Bosnia and Herzegovina held an independence referendum on 29 February and 1 March 1992.[ix] Since they did not support independence of Bosnia and Herzegovina, ethnic Serbs did not participate in the referendum. According to democratic procedure and practice, the referendum was conducted lawfully and 63% of people had participated. The result was encouraging for the Bosniacs and Croats - 98% voted for independence. However, the outcome further radicalized ethnic Serbs, which constituted about 31% of the population in Bosnia and Herzegovina. They refused to recognize the results of the referendum. This polarized B-H even further and exacerbated the animosity between the two parallel political entities. The Bosniacs and Croats on one side and the Serbs on the other began to develop their own political structure in a situation in which the Presidency of the rump Yugoslavia (without Croatia and Slovenia) still had authority over Bosnia and Herzegovina. Yugoslav military commanders with about 80,000 members of the Yugoslav People’s Army stationed in Bosnia and Herzegovina implemented orders that came from "General Staff" in Belgrade.[x]

Despite the commitment of the majority of Bosnia-Herzegovina’s citizens to Bosnia and Herzegovina independence, the President of Yugoslavia still behaved as if the situation was an internal conflict giving the Yugoslav People’s Army the freedom of action necessary to wage war against the new government in Bosnia and Herzegovina. President Alija Izetbegovic of Bosnia and Herzegovina had been addressing the issue of an independent Bosnia and Herzegovina and it remaining within Yugoslavia. His vague political statements generated greater confusion and deepened the political crisis. The most famous of his statements was, ‘This is not our war’ by which he announced the neutrality of Bosnia and Herzegovina in a situation where the Yugoslav People’s Army had already waged war on the territory of Bosnia and Herzegovina against the Croats.[xi]

For Croats residing in Bosnia and Herzegovina, the war started in the first half of October 1991 when the Yugoslav People's Army attacked Ravno and other Croatian villages in Eastern Herzegovina.  For the Muslims, the war against the Yugoslav People’s Army began on 6 April 1992, following international recognition of the independence of Bosnia and Herzegovina.[xii]

The importance and influence of Islamic countries in Bosnia and Herzegovina grew after a peace conference in Istanbul from 17-18 June 1992. Foreign ministers of 15 countries of the Organization of the Islamic Conference supported the Turkish position on the need to take action against the Serbian aggressors. Turkish Foreign Minister Hikmet Cetin unreservedly supported the policy of Alija Izetbegovic.  He also had the support of the United States, a leading member of NATO. Cetin contributed to the status of Turkey as a regional power without which there would be impossible to resolve the crisis and conflicts in the Balkans. Ending the war between Croats and Bosniacs in February 1994 was also a result of the diplomatic efforts of Minister Cetin who, along with Croatian Foreign Minister Mate Granic, was committed to stopping this unnecessary conflict. This truce served as the basis for a strategic turnaround in the Bosnian-Herzegovinian war. Turkey became one of the major participants of the peace mediation in Bosnia and Herzegovina, including its role with the Dayton Agreement.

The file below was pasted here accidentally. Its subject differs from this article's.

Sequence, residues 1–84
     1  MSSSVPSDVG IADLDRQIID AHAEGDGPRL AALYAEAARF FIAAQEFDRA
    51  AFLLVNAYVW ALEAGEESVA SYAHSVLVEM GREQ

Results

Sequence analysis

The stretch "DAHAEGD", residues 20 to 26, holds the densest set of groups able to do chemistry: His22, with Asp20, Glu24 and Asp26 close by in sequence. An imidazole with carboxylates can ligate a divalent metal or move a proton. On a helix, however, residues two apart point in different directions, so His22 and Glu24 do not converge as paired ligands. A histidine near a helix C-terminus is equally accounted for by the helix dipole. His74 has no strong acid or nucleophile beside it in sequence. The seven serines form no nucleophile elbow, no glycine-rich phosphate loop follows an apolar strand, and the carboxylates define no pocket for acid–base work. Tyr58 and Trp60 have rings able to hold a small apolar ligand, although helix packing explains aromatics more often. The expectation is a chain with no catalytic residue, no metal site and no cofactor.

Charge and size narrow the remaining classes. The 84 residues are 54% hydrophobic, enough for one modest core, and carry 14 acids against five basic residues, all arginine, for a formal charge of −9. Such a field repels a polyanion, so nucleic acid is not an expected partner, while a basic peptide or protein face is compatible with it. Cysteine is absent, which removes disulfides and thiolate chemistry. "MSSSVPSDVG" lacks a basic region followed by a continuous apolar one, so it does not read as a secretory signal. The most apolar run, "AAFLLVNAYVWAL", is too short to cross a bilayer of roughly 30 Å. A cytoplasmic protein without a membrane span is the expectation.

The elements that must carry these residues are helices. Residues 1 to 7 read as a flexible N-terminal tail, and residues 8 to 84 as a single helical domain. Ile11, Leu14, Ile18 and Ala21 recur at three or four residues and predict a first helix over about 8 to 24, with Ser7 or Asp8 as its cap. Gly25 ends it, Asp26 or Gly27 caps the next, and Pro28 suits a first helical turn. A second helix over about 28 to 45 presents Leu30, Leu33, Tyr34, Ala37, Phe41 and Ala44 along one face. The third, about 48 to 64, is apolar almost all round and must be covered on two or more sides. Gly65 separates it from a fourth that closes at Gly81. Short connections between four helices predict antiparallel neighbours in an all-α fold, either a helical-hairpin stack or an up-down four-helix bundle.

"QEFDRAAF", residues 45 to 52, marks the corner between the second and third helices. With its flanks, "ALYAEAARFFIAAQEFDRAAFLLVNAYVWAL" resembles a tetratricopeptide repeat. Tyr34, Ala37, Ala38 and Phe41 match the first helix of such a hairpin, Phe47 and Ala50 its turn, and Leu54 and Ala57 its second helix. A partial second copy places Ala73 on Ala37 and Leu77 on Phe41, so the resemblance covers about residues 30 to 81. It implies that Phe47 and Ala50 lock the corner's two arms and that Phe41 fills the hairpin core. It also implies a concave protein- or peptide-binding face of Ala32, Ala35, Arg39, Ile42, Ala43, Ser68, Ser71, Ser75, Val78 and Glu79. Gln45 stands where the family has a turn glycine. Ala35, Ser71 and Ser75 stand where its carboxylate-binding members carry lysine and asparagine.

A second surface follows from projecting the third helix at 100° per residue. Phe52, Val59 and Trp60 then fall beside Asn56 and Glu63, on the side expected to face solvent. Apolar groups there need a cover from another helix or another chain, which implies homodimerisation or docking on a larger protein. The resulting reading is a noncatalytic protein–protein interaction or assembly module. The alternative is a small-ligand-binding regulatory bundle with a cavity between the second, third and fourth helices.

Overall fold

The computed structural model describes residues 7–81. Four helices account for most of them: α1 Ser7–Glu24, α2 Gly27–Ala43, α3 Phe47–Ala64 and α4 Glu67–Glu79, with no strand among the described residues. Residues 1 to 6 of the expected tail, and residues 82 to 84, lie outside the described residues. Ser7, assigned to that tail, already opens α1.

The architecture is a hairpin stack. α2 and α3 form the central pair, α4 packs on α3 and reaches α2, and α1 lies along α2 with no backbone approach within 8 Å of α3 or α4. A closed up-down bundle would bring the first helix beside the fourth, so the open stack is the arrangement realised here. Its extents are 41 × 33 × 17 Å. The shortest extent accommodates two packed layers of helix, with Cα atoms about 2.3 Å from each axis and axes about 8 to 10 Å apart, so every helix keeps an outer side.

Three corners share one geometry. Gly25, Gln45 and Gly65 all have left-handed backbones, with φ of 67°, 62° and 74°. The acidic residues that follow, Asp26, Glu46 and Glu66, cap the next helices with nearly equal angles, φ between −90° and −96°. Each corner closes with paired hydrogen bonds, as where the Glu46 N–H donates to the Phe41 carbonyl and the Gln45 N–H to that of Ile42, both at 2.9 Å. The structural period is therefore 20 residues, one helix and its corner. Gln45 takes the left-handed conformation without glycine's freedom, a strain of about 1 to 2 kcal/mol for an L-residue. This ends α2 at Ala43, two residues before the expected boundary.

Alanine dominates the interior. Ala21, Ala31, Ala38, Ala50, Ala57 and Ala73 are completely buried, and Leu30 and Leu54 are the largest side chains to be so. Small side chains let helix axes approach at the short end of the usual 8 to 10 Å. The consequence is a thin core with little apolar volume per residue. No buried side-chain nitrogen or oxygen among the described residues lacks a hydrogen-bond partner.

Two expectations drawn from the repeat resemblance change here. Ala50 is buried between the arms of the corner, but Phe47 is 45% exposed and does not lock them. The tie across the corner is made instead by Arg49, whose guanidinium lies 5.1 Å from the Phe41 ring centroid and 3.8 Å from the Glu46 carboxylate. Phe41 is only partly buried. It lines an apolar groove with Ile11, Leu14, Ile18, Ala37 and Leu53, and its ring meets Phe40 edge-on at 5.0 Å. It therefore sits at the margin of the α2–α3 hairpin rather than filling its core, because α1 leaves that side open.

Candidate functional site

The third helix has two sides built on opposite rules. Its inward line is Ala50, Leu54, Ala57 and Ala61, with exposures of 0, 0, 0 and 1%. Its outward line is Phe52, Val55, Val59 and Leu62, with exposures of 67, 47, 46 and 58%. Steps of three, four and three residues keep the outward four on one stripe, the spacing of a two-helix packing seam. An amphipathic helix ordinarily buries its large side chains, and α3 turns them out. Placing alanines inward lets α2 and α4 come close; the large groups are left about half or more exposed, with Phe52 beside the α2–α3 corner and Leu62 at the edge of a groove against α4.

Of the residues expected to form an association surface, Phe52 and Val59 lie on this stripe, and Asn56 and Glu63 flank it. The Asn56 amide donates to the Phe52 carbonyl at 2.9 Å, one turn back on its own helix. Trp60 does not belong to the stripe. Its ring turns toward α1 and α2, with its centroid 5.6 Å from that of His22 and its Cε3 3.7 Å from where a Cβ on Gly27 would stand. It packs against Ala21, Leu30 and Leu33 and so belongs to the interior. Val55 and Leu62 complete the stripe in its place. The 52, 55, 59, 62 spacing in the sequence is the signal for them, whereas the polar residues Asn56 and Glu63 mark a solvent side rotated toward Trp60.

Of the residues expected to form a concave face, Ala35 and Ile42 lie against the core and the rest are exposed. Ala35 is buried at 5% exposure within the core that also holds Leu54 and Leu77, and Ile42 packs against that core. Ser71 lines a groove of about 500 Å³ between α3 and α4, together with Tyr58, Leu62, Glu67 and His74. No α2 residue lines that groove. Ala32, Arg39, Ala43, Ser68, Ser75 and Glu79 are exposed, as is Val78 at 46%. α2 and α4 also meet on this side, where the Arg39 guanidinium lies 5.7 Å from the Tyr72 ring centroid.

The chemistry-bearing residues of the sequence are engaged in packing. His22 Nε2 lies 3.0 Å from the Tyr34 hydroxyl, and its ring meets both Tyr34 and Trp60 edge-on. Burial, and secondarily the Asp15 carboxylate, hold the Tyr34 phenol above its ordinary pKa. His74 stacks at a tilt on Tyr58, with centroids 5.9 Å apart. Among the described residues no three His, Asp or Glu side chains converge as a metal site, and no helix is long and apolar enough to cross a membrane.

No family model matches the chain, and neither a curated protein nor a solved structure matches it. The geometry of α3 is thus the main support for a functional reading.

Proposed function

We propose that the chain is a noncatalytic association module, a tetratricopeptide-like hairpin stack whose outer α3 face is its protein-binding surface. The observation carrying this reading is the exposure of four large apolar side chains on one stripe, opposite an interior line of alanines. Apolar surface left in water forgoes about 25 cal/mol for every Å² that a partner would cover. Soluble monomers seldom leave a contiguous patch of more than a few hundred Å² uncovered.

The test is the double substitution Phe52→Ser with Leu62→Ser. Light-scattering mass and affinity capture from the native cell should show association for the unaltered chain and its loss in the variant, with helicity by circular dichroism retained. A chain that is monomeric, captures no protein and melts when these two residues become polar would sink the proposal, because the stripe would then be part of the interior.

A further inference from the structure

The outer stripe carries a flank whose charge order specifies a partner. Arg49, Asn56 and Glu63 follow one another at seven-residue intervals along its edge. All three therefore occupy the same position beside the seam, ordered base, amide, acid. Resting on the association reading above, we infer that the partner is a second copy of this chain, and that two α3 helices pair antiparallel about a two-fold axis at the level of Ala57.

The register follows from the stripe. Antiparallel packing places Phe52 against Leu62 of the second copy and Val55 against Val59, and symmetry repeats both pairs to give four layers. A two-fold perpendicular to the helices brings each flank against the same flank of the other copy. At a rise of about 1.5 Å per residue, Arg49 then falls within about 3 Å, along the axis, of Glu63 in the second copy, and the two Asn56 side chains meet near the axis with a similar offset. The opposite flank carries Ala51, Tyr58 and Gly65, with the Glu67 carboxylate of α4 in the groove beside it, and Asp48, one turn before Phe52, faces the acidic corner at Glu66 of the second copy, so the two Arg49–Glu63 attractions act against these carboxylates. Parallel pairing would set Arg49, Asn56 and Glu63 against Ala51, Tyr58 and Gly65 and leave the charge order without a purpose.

Portrait of Bosnia and Herzegovina at the Beginning of the War

The fall of communism and the collapse of Yugoslavia ended the deliberate policy of creating an artificial Yugoslavian nation that in essence embodied system of privileges that supported the Yugoslavian communist elites. In fact, only 14% of the population of Bosnia and Herzegovina declared themselves as Yugoslavs in 1989.[xiii] It certainly was not the result of free will of citizens but rather an expression of opportunists seeking a better starting point for their own advantage. However, according to data from the Bosnia-Herzegovinian’s State Institute of Statistics, 1991, only 5.5% of the citizens have declared themselves as Yugoslavs. This trend was the logical consequence of the national gatherings, which took place in 1990 during the campaign for the first multi-party elections in Bosnia and Herzegovina. On the Election Day, 18 November 1990, citizens finally said what they thought about totalitarian Yugoslav communist regime, giving their votes to the national parties. Three parties won the elections convincingly: the Party of Democratic Action (SDA), the Serbian Democratic Party (SDS) and the Croatian Democratic Union (HDZ). However, none had a democratic tradition and each focused primarily on getting the support of its own people.  The issue of a coexistence model based on different ethnicities and religions remained in the background.  All of the rhetoric promoted democratic values of equality, consensus, open markets, peaceful transformation and other democratic values, but in reality, each of the three winning parties sought their own solutions for their own interests. All three parties were unprepared for a multi-party system and resolving political-economic problems through multi-ethnic talks and agreements. Therefore, Snyder was right when he stated, ‘the result of political liberalization, without the existence of civil society institutions on which it could rely in order to support the process, is in incomplete democratization which causes an increased risk of civil war.’[xiv]